In a medium skillet, combine the olive oil and pork/bacon and turn heat to medium. Cook, stirring occasionally, until browned and crisp, about 10 minutes. Turn off heat.
Add salt to the boiling water and cook the pasta until al dente. Reserve about 1 cup of water before the draining pasta.
Beat eggs in a large warmed pasta serving bowl. Stir in 1/2 cup freshly grated Parmesan and the bacon and its juices. When the pasta is done, drain and toss with egg mixture.
Add a little of the pasta cooking water to moisten. Season with plenty of black pepper, and serve.
Classic Italian foods such as pizza, bruschetta, pasta, rice, soups, and stews all typically include this blend of herbs. The mixture can be used to season lamb, pork, poultry, fish, and beef dishes. Sandwiches, meat marinades, salads, and flavored breads can also be seasoned with Italian herbs.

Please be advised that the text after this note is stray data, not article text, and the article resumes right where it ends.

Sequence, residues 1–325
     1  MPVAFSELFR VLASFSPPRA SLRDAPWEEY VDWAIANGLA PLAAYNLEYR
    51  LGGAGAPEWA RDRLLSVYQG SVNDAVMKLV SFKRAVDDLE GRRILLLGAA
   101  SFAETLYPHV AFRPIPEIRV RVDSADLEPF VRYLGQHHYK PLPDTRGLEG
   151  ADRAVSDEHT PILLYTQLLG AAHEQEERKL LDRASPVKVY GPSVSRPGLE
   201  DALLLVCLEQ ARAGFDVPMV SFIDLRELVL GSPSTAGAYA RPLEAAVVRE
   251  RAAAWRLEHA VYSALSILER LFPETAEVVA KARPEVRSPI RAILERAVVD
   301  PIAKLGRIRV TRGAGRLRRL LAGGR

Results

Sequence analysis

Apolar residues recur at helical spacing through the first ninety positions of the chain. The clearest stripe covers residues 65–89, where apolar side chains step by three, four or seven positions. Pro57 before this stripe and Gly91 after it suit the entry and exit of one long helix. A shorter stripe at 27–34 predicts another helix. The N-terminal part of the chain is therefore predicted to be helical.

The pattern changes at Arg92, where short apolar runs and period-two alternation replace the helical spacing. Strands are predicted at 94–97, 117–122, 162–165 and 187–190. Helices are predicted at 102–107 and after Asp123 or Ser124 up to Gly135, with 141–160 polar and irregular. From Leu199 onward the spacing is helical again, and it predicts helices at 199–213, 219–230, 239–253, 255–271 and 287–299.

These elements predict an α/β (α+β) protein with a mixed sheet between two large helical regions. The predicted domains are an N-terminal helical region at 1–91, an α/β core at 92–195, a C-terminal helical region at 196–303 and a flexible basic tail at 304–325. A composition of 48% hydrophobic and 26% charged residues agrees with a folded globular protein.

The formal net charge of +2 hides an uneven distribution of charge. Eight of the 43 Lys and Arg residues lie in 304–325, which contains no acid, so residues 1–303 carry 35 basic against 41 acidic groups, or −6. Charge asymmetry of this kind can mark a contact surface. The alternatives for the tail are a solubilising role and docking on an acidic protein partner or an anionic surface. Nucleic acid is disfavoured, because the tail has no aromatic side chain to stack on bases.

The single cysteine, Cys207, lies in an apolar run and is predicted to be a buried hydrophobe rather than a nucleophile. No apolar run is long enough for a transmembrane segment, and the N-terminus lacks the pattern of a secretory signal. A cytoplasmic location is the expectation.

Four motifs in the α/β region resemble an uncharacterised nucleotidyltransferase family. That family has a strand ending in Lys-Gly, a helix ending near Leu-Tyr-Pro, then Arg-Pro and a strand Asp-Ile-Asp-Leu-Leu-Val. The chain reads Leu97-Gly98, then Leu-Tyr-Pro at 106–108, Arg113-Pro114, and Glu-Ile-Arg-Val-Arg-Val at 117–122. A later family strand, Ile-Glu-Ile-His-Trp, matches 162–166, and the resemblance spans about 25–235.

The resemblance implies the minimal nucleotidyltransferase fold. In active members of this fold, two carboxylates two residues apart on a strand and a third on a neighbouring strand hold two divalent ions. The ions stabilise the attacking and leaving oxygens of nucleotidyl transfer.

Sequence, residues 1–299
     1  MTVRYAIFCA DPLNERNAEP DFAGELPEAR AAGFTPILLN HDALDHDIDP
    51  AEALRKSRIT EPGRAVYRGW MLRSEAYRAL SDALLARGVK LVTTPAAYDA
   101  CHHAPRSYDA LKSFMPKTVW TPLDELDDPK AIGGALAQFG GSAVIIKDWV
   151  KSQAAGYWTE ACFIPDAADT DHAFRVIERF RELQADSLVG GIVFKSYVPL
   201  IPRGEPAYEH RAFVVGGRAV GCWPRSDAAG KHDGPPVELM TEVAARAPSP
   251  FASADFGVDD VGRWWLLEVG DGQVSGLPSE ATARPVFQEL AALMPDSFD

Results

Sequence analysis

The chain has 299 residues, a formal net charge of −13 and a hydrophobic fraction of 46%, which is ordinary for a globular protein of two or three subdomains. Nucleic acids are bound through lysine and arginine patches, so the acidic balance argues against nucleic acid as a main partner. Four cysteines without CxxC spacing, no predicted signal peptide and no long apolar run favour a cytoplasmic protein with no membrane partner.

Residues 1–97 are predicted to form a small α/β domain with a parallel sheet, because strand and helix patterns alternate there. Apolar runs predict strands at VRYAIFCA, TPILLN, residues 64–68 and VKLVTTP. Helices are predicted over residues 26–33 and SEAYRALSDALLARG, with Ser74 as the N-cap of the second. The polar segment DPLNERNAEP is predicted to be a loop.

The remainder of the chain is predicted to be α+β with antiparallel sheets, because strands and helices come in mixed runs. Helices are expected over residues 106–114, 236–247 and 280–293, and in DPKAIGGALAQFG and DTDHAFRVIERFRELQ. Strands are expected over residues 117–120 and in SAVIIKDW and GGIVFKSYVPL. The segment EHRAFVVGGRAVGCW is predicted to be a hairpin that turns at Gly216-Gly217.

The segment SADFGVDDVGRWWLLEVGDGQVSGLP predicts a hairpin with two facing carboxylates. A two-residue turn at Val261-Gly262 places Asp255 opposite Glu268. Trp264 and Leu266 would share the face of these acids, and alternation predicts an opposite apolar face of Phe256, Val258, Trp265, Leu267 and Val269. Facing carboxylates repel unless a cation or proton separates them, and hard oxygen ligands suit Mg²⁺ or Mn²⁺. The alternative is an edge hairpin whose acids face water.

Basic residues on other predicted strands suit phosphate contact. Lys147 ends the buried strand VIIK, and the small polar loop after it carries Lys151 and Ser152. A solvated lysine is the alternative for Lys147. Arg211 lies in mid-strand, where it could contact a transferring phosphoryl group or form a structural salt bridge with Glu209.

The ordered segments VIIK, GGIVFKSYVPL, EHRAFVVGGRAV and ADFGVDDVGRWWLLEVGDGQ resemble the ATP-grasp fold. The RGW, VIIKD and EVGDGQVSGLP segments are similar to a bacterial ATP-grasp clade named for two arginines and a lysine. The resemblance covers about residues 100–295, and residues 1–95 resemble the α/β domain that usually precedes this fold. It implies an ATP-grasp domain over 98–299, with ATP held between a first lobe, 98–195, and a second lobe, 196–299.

One popular use of Italian seasonings involves mixing them with butter and Parmesan cheese to make a spread to use on breads, crackers, and other foods. Vegetables that are particularly good when flavored with Italian seasonings include potatoes, tomatoes, zucchini, and eggplant. Italian seasoning can be used to flavor vinegar, olive oil, and other dips and sauces as well.
Italian seasoning blend is considered a staple herbal mix in most pantries. It can be purchased pre-mixed from grocery stores, farmer’s markets and most places where food supplies are sold. Italian seasonings are usually sold in a plastic or glass jar, though some fresh varieties can be purchased in sealed bags or other airtight packages. Blends can, also, be created from fresh herbs at home.